As one of the largest and most historically significant inhabited castles in England, Alnwick Castle bears a weighty responsibility to preserve and protect its architectural heritage and cultural legacy for future generations. The castle's stewards, the Percy family, take this responsibility seriously, investing significant resources in ongoing preservation and conservation efforts. These efforts include regular maintenance and repairs to the castle's physical structure, as well as the careful restoration of its historic interiors and collections. The castle's team of skilled craftsmen, conservators, and historical experts work tirelessly to ensure that every aspect of the castle is cared for to the highest standards, using traditional techniques and materials wherever possible. Through these efforts, Alnwick Castle is able to maintain its authentic character and historical integrity, while also adapting to the needs and expectations of modern visitors.

Modernising Visitor Experiences

In addition to preserving the castle's physical fabric, Alnwick Castle's stewards are also committed to enhancing and modernising the visitor experience, using the latest technologies and interpretive techniques to bring the castle's history and stories to life. This includes the use of multimedia displays, audio guides, and interactive exhibits that allow visitors to engage with the castle's history in new and exciting ways. For example, visitors can use augmented reality apps to explore the castle's architecture and art collections in greater depth, or follow themed trails that highlight different aspects of the castle's history and cultural significance. By embracing these modern approaches to interpretation and education, Alnwick Castle is able to appeal to a wider and more diverse audience, ensuring its continued relevance and popularity in the 21st century.

Community Engagement and Outreach

As a major cultural and economic asset in the region, Alnwick Castle plays an important role in supporting and engaging with the local community. The castle's stewards are committed to using the castle's resources and influence for the benefit of the surrounding area, through a range of community engagement and outreach initiatives. These include educational programs for local schools, apprenticeship and training opportunities for young people interested in heritage conservation and hospitality, and partnerships with local businesses and community groups. The castle also hosts a range of events and activities throughout the year that are designed to bring the community together and celebrate the region's rich history and culture, from food and drink festivals to live music performances and outdoor theatre productions. By fostering strong connections with the local community, Alnwick Castle is able to strengthen its position as a vital and valued part of the region's heritage and identity.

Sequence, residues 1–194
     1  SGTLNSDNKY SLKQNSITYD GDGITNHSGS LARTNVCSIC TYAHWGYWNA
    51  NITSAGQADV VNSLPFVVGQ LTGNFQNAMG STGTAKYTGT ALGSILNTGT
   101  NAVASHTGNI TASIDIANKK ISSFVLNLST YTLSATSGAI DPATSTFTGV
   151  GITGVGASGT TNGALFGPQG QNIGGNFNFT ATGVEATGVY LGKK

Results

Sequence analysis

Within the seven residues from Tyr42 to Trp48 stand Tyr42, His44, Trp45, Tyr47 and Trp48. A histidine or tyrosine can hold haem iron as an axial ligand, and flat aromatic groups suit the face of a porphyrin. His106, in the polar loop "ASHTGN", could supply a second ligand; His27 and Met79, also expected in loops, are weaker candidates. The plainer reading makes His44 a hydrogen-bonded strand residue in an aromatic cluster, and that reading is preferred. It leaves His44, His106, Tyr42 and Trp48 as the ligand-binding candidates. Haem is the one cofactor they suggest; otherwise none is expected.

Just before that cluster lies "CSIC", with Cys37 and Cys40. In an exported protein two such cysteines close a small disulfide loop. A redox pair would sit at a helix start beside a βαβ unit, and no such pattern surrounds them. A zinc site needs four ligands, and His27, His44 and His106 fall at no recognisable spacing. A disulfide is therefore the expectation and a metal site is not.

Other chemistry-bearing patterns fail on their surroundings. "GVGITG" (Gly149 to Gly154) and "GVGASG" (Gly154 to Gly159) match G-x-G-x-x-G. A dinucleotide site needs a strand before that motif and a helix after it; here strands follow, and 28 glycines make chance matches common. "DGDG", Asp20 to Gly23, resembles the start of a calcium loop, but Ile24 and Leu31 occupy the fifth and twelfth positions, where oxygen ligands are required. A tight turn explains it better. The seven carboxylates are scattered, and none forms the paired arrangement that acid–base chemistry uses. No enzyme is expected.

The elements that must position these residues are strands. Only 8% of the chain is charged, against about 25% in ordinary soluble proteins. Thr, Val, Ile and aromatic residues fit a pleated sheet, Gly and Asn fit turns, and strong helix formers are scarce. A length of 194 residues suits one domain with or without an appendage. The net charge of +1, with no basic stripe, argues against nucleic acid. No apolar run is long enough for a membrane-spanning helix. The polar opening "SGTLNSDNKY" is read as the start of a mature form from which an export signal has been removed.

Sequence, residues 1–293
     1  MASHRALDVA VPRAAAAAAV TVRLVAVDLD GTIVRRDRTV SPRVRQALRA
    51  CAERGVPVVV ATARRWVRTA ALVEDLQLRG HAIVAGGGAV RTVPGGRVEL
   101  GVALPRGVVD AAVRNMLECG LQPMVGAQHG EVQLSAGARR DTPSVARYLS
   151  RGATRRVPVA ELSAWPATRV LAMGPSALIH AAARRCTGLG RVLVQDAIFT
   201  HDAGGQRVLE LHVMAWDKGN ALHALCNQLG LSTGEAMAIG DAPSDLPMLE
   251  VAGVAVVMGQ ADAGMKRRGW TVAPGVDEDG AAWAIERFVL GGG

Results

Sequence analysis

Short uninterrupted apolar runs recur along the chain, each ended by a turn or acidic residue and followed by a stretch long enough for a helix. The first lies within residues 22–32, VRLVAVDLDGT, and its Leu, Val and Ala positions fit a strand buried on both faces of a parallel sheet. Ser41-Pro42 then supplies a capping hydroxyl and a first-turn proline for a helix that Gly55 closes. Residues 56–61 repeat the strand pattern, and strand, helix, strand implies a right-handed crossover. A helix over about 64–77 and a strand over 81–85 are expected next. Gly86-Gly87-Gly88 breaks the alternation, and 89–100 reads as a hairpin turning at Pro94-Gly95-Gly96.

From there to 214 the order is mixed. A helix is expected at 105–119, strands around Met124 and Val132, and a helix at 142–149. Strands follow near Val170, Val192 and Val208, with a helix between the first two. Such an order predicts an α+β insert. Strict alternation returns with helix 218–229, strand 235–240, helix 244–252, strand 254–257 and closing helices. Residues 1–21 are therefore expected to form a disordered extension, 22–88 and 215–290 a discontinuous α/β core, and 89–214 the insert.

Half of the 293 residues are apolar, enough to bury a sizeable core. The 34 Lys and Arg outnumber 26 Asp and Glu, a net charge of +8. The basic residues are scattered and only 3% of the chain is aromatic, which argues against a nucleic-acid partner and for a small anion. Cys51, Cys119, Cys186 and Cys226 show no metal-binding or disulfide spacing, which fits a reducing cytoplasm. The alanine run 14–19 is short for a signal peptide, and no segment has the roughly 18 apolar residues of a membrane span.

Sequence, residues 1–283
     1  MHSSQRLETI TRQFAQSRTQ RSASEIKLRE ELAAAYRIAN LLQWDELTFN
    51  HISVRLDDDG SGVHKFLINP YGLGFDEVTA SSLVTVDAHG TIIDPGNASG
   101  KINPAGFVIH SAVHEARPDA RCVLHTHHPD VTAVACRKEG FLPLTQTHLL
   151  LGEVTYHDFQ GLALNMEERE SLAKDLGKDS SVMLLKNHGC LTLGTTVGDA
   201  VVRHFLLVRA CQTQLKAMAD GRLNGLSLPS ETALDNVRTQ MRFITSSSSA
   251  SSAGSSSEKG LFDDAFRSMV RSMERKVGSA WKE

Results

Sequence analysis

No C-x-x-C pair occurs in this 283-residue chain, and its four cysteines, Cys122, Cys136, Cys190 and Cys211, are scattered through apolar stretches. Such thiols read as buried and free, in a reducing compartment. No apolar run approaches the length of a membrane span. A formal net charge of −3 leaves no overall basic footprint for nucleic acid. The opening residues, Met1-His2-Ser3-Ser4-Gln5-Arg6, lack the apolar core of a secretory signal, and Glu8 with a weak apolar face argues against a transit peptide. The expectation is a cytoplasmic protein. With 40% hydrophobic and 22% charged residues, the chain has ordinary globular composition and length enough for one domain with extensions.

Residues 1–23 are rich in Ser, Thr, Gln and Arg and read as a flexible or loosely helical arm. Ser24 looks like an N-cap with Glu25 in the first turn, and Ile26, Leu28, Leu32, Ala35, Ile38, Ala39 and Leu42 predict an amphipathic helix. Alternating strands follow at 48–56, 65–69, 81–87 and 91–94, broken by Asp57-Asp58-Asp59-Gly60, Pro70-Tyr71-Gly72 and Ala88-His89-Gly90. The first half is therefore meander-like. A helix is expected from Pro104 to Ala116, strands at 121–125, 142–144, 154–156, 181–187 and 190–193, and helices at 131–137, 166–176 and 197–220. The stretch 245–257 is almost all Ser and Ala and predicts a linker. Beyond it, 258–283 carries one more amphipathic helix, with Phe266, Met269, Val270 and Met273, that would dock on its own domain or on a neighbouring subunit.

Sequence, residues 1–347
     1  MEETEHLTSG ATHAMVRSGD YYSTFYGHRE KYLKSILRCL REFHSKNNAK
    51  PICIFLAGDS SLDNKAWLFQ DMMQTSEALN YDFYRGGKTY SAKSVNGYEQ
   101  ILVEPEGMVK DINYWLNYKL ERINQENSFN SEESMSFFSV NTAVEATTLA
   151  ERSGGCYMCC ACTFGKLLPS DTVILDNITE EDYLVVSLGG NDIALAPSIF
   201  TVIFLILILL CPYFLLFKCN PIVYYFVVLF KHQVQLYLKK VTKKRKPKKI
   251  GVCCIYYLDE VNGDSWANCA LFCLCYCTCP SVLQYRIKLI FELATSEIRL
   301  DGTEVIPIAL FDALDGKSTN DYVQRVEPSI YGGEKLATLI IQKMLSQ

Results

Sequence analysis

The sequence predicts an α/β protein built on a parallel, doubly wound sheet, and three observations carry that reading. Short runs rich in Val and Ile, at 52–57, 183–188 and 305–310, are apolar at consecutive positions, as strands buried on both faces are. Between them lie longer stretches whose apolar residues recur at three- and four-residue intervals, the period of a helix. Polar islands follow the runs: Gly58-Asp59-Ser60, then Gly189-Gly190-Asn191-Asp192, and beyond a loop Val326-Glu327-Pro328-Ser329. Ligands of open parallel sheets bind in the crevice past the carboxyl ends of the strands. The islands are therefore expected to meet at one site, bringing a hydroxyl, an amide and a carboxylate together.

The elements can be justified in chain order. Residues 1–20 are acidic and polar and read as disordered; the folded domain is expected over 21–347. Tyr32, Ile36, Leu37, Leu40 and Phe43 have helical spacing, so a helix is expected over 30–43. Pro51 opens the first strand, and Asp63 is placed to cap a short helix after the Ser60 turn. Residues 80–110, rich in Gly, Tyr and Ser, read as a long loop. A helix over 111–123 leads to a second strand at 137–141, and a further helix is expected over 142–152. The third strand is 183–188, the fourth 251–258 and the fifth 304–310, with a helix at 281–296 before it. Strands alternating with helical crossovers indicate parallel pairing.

Sustainable Tourism and Environmental Stewardship

As a major tourist destination, Alnwick Castle recognises its responsibility to operate in a sustainable and environmentally responsible manner. The castle's stewards have implemented a range of measures to reduce the castle's environmental impact and promote sustainable tourism practices, from using renewable energy sources and eco-friendly cleaning products to encouraging visitors to use public transportation and support local businesses. The castle's gardens are also managed using organic and sustainable methods, with a focus on promoting biodiversity and protecting wildlife habitats. By demonstrating leadership in sustainable tourism and environmental stewardship, Alnwick Castle is setting an example for other heritage sites and attractions, and contributing to the long-term health and resilience of the region's natural and cultural resources.


Through its ongoing efforts to preserve the past, embrace the future, and engage with the community in meaningful ways, Alnwick Castle is securing its position as a vital and enduring part of England's rich cultural heritage. As the castle continues to evolve and adapt to the changing needs and expectations of visitors and the wider world, it remains a testament to the enduring power of history, storytelling, and human ingenuity, and an inspiration for generations to come.

The sun setting over Alnwick Castle

Related Articles

Let us know you agree to cookies

We use marketing, analytical and functional cookies as well as similar technologies to give you the best experience. Third parties, including social media platforms, often place tracking cookies on our site to show you personalised adverts outside of our website.


We store your cookie preferences for two years and you can edit your preferences via ‘manage cookies’ or through the cookie policy at the bottom of every page. For more information, please see our cookie policy.